The Path We Walk

I am quite reliant on the navigation system in my car for driving around Los Angeles – I have named her Sylvia – and she gets me from place to place.  Often, as I type in my destination, Sylvia will give me different route options, based on time and traffic.  It is up to me to choose my route, based on what I know about the road conditions and my preference for driving.  There are always consequences and outcomes, for better or worse, with whichever path I choose.

As we read the conclusion of the Book of Leviticus this week, we are confronted with the consequences of our ancient choices as a new nation.  I don’t feel that I am merely explaining away the literal reading of the text, which seems to indicate God as vengeful or puppet-master-like – that is that God responds with human emotion to our deeds, rewarding good and punishing bad.  I don’t believe that it is God that brings this upon us – it is presumptuous and even egotistical to think that God is somehow watching each move that we make and responding to each person’s actions in the world.  This is the God that perhaps made some sense to our ancestors, a God so powerful and strong, that could destroy the most powerful enemy without hesitation, without remorse. But is that really God’s purpose, God’s role in the world?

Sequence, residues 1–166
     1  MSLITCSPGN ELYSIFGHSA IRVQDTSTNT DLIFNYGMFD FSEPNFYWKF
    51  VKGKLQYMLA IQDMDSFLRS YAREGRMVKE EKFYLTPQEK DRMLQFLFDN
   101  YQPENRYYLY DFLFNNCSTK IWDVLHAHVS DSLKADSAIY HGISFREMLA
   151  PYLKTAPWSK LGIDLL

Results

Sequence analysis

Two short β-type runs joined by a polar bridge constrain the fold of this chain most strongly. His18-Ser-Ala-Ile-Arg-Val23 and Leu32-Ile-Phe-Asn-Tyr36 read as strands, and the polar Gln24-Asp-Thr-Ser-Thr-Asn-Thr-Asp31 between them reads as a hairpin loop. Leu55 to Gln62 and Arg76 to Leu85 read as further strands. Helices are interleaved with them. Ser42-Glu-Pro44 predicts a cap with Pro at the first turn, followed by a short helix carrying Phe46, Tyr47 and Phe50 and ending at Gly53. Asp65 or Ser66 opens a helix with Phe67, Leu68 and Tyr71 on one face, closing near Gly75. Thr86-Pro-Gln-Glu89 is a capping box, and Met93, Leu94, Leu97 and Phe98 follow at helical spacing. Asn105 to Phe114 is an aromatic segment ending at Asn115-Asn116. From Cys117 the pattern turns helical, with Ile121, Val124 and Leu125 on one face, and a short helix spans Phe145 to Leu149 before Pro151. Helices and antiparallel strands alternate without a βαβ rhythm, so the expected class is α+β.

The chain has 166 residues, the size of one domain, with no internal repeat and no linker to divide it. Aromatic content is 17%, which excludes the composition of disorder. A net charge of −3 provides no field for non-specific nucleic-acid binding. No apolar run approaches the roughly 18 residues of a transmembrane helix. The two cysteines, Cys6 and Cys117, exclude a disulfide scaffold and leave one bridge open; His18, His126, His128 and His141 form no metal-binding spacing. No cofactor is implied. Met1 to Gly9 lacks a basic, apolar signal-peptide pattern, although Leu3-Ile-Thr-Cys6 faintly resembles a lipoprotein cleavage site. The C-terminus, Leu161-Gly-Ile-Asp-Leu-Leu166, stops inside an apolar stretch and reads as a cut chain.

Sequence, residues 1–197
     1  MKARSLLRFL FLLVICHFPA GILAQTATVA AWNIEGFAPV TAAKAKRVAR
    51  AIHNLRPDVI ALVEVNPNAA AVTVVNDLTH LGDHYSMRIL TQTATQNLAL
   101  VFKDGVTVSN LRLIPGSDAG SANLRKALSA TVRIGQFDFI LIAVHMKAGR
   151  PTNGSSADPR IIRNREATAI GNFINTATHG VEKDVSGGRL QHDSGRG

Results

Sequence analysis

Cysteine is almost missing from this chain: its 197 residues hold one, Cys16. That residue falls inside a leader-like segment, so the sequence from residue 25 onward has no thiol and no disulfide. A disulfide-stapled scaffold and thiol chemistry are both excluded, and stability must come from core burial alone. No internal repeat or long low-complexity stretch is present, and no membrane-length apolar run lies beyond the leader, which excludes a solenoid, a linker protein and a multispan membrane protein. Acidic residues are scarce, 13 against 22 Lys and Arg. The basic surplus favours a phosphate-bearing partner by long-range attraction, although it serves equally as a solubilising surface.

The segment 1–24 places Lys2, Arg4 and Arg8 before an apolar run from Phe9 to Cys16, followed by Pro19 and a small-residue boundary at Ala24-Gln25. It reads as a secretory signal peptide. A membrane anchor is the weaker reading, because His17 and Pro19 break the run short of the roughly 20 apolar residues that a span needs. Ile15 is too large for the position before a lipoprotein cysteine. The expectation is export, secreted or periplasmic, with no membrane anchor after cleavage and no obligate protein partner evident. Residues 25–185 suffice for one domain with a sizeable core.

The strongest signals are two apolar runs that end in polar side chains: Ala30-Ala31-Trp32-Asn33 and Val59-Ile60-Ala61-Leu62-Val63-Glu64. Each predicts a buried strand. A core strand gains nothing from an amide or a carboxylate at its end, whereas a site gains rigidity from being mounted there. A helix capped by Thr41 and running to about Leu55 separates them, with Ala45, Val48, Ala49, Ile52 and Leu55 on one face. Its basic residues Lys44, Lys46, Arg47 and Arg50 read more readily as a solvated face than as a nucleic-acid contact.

I say not.  However, when we choose well, we will live well; when we choose poorly, we will bring the difficulties and challenges upon ourselves.  When the Torah says that if we violate the covenant, God will “scorn” us (Leviticus 26:30) it is a statement not about God but about us. It means that our unethical and unspiritual behaviors will come between us and God. In the words of the prophet Isaiah, these actions will “have separated between you and your God” (Isaiah 58:2). The result of that separation will be that we are no longer be connected to the blessings that result from walking the path of “acting justly, loving kindness and walking humbly with God” (Micah 6:8). The quality of our live comes from the path that we walk.  God remains constant and God’s love for us abides; it is we who distance ourselves from God. It is for each of us to choose to act in a way that either connects us to God or that separates us from God.

The iconic Hasidic master, Menachem Mendel Morganstern, the Kotzker Rebbe (late 18th Century), was sitting with some of his younger disciples, studying Talmud. One of the students looked up and said, “With all due respect, Rebbe, we study day in and day out. Yet at times I feel a great despair. Rebbe, where is God?” The Kotzker Rebbe stopped and pondered the student’s question. After a moment, he smiled and said, “God is whenever we let God in.” God is always there, waiting for us with love and acceptance as we choose our path; this Divine presence has the power to heal the soul and to move along our path with us so that we can know that we are not alone.

[Bechukotai 2014]


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